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It is said that there's no such thing as a stupid question. While some of us will beg to differ (e.g., how many times do people ask questions they already know the answers to, and not in the rhetorical sense?), there are certainly characteristics of a question that make them more effective.

all stupid questions have simple answers

The purpose of a question is to gain knowledge for some end. Processes like the Socratic method help you become less passive in your thinking and more able to substantiate your own beliefs. But you still have to ask the proper questions. Ironically, with the benefits of search technologies like Google that help us find better answers, it almost seems that we are becoming lazy in our questioning skills.

Add to this dynamic that we often don't even consider certain questions until prompted by others. For example, unless you've taken a philosophy class, read books on philosophy, or have friends who are intellectuals, you likely haven't given much thought to questions pertaining to philosophical questions. It is only when specifically asked about it that you reflect on your own thoughts and realize you might have limited knowledge or experience to consider such questions.

"Good" questions are said to have four, primary characteristics: clarity of purpose, proper framing, sincerity of intent, and respectfulness. Before you ask questions, do you ever consider those characteristics? Is the structure of your question and the hierarchy of the knowledge you're trying to acquire important to getting at better answers? Do you ask many questions, or do you typically accept what you are told? Do you think there is such thing as a dumb question? Is the following hierarchy useful to generally understand a subject (level 1), to fit the general knowledge into your existing framework (level 2), and to take your knowledge to new levels (level 3)?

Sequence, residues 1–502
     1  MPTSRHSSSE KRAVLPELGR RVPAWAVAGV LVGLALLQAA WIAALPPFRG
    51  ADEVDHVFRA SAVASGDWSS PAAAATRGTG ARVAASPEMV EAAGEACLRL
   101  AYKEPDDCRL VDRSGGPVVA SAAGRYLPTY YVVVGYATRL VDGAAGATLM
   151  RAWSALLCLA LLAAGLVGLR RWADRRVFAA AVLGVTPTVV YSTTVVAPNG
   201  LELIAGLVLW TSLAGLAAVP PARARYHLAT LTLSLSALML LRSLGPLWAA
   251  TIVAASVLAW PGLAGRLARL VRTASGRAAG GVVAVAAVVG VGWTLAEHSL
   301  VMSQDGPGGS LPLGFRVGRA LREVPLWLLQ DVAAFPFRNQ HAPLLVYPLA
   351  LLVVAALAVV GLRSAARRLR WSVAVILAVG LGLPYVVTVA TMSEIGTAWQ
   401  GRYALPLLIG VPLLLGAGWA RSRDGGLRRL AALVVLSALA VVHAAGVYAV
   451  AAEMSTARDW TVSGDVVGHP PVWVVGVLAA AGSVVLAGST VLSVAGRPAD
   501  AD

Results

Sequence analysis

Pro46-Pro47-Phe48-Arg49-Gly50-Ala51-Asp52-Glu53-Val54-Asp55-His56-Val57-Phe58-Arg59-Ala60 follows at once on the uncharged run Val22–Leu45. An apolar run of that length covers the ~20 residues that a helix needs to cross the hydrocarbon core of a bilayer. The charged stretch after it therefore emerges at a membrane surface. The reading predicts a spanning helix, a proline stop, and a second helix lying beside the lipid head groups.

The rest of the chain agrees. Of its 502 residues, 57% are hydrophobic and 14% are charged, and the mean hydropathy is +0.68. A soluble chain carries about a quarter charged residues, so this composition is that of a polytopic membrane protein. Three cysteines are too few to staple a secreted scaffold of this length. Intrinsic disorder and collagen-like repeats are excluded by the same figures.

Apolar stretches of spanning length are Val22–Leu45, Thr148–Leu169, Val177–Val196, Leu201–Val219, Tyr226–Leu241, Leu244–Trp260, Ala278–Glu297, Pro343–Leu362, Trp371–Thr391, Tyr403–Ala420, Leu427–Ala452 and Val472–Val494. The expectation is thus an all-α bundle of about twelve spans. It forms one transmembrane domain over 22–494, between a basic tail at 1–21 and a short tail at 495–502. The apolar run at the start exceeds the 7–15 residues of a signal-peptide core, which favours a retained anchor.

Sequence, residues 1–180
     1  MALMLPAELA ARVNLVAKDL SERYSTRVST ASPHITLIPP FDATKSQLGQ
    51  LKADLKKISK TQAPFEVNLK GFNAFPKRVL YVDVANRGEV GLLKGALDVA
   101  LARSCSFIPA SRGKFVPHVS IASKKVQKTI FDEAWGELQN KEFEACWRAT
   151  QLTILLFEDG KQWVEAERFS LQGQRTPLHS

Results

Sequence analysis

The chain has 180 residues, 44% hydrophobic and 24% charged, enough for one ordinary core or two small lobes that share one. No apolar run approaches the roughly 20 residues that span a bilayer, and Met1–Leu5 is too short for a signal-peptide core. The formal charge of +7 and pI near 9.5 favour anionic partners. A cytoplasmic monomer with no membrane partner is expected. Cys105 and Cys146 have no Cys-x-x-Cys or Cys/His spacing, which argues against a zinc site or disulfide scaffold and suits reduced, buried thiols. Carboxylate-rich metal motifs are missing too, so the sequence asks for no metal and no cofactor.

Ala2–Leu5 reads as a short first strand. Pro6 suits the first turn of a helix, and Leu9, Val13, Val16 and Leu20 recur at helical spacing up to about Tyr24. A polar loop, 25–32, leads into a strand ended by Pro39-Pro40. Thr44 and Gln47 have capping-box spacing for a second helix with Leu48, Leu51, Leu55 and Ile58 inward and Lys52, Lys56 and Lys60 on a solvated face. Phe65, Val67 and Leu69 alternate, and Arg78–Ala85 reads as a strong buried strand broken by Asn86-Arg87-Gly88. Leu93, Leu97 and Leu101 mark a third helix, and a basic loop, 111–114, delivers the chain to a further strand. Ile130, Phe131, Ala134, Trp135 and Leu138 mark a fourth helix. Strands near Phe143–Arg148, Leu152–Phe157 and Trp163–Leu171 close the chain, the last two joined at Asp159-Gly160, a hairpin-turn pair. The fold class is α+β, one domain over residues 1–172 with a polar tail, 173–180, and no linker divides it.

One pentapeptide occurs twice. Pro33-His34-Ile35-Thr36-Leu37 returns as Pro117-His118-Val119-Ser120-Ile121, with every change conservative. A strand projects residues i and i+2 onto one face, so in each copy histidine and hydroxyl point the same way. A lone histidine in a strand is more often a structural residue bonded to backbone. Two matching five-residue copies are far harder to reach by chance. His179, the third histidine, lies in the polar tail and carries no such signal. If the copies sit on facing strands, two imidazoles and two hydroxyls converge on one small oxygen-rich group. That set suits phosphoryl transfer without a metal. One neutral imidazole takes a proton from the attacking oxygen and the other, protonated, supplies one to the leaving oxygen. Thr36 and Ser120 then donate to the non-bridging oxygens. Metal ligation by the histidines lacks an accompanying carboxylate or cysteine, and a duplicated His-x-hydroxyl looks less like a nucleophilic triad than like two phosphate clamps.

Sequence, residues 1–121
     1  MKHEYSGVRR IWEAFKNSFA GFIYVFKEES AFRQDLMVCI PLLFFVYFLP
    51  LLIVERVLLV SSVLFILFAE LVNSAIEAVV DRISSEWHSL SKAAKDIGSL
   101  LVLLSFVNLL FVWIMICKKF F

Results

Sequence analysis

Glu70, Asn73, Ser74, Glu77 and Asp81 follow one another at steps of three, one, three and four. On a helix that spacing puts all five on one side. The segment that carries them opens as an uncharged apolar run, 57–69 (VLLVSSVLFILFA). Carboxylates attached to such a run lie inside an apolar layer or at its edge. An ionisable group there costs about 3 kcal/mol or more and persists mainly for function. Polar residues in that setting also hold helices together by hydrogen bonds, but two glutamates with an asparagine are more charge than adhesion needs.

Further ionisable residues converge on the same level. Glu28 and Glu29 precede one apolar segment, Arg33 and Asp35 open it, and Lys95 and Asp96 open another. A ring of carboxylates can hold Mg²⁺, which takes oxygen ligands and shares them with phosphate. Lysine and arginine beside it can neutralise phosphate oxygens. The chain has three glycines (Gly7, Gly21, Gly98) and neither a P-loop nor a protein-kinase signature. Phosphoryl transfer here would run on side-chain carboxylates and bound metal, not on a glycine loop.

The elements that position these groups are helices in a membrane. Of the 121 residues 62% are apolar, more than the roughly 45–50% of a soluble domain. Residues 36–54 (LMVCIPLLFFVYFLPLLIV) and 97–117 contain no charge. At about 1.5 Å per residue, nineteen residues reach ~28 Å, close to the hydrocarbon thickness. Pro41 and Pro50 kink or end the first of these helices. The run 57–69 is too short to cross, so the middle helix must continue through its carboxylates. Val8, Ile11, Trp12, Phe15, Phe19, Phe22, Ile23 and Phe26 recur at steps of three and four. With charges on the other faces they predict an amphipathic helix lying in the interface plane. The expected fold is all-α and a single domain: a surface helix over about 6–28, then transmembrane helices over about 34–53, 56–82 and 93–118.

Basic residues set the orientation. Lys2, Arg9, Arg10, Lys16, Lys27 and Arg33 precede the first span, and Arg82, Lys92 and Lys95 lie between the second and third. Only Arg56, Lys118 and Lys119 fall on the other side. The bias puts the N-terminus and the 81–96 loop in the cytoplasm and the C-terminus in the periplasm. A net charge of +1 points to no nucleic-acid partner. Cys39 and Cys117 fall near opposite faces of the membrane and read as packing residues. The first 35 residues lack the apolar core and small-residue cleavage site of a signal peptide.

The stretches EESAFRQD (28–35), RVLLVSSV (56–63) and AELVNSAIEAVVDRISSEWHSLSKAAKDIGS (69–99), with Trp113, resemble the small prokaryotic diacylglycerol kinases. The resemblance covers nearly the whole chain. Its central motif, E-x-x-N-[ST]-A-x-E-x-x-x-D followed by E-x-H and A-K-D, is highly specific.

Level One

1. Definitions and clarifications How do you define this (word, term, idea, etc.)? What does this idea (passage, concept, etc.) mean? What would be a specific, concrete example of this?

2. Contextuals How was this idea (event, text, work, etc.) shaped by its time? Where did this originate and why? Who was the originator of this and what was he or she like?

3. Analyzers What parts or features make up the whole and what does each part do? How do the parts contribute to the whole? How is this organized and why is it organized this way? What are the most important features of this?

Level Two

4. Comparatives How is this the same as that? How is this different than that? How are these more or less similar? What is the opposite of this?

5. Causals What factors caused this to happen? Which of these factors is sufficient? Which contributing? Which probable? On what grounds can we eliminate possible causes or explanations?

8. Evaluatives Why do you like or dislike this (or agree or disagree with this)? How strong is the case that this is correct? What criteria are best for judging this? What is the best order or priority for these things and why? What is the strongest argument against this?

Level Three

7. Counterfactuals How would this change if X happened? How would things be different if X had not happened? How would things be different if X happened to a greater (or lesser) degree?

8. Extenders (Synthesizers) How can we apply this to this set of circumstances? What can we predict because of this? What ideas can be added to this? What might happen if you added this to that?

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I doubt I'd ever go through such rigor to ask a question, but it's an interesting framework to organize how to approach a problem.

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“Too often... we enjoy the comfort of opinion without the discomfort of thought," said John F. Kennedy in 1962.

The term philosophy comes from two Greek words meaning love of wisdom. Well put. Please apply it here.

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